The negatives in the short-term is we don't know what is happening because businesses have stopped and my concern is not on the immediate business stopping but the second derivative impact. Like if paints are not selling, the guy who is actually painting, he doesn't have the daily wage. So, he is going from the brink of poverty to below poverty. So, those are the issues, it is very difficult for anybody to fathom and to analyse and take a calculated guess on how this will play out. I just gave one example. There are hundreds like this, truck drivers, or an auto rickshaw driver, it can just go on.


The only thing is that as we speak things have improved a lot. Over the last 2-3 days I have gone into the market, things have really improved; people are giving Rs 100 notes back. So, this is city. I don't know how it is in the rural and in the small town. So, I really can't extrapolate this. So, that is the short-term pain but surely over the medium to long-term this will have significant impact and of course there is a lot written about the gain that the government will make, how much it will be, whether Reserve Bank of India (RBI) can pass it or not time will tell but surely 2-3 trillion is what is expected the government can make and that can be utilised over a period of time.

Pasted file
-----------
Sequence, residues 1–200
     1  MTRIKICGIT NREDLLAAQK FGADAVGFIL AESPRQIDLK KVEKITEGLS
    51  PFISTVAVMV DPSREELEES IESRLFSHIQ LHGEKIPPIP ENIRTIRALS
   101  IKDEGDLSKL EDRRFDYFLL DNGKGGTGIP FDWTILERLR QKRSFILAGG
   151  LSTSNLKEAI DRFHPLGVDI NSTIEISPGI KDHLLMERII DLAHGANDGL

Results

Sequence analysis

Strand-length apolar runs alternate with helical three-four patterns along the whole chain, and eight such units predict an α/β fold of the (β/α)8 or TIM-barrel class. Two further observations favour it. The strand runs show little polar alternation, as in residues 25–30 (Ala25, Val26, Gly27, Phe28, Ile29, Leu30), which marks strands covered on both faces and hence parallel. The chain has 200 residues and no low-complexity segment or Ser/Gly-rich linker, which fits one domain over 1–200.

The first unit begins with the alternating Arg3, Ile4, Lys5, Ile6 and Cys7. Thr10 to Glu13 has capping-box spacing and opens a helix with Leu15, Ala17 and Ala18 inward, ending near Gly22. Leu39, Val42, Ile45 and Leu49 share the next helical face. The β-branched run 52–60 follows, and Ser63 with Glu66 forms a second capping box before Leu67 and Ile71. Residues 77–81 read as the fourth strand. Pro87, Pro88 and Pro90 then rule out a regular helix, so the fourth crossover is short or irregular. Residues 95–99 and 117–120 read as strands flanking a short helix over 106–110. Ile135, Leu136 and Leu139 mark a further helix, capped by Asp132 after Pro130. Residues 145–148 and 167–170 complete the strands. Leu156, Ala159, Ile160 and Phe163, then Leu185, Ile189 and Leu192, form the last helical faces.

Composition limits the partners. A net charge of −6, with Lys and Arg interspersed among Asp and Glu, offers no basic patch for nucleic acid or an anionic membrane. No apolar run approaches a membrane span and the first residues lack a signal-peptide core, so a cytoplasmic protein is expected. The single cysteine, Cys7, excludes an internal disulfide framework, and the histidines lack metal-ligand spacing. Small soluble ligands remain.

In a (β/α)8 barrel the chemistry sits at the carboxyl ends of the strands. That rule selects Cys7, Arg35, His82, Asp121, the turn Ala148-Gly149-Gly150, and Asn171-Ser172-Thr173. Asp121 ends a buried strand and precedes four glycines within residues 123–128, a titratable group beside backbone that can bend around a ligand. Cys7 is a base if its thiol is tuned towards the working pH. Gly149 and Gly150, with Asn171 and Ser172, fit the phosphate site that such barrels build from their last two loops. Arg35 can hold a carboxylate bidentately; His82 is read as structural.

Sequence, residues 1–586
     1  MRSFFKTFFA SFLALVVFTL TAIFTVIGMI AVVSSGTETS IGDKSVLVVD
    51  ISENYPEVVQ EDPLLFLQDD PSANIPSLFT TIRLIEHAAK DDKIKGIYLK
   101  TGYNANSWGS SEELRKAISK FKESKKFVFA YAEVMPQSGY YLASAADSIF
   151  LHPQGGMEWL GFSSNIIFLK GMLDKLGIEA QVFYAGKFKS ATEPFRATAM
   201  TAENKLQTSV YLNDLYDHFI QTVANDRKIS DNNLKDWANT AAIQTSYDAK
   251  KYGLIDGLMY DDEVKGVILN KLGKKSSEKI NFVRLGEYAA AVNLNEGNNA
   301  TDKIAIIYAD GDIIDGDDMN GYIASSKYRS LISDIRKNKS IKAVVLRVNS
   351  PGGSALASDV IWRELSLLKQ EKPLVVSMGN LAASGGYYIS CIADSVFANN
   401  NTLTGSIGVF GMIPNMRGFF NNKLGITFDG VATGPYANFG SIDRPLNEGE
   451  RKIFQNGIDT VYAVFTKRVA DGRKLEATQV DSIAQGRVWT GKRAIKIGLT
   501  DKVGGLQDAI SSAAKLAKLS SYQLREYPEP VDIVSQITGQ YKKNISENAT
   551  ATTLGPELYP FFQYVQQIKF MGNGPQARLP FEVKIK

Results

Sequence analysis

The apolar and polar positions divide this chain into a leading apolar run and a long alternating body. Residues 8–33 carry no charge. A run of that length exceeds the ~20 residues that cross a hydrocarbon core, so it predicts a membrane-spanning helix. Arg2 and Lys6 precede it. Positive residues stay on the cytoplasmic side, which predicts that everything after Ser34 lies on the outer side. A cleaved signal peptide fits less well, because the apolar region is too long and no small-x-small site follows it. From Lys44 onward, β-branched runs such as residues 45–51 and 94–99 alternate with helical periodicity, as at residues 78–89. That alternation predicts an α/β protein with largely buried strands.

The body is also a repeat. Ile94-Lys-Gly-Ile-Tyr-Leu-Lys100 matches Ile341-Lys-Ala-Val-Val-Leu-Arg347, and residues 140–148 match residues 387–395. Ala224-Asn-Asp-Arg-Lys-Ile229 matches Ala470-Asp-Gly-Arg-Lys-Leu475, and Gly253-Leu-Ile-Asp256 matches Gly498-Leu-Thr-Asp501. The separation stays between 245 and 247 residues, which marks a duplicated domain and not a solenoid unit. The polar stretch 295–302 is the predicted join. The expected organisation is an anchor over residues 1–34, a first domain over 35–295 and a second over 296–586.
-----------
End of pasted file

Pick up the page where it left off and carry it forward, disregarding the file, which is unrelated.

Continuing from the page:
Anuj: But in the near term there are some people calling for doomsday scenario, some calling for de-growth as well in the economy. Do you see risk of that and if that is the case do you see more pain in the near term for the market?

A: It is possible. It is very difficult to predict with the very near term because we are hearing numbers that sales have fallen by 50 percent; sales have fallen by 60 percent. The question is how fast this does -- it is just two weeks now since demonetisation and we are seeing some improvement -- he question is how fast this stabilises and we assume that one quarter is a write off and maybe even the next quarter is more or less a write off. The question is can we come back to even 70 percent of previous starting next year and then we move forward. There will be some demand destruction because some of the demand was coming due to the black economy. So, it will take time for it to come back into the system. So, even next year is going to be tough. So, if structurally we think about it this is positive. Yes, near term it is very patchy, really very difficult to analyse.

Sonia: From market's point of view what impact do you think this could have on the fiscal because higher disclosure should lead to increase tax collection. But on the other hand if the economy slows down markedly then that could hamper tax growth. So, do you think it would become tough for the government to meet that FY17 fiscal deficit target?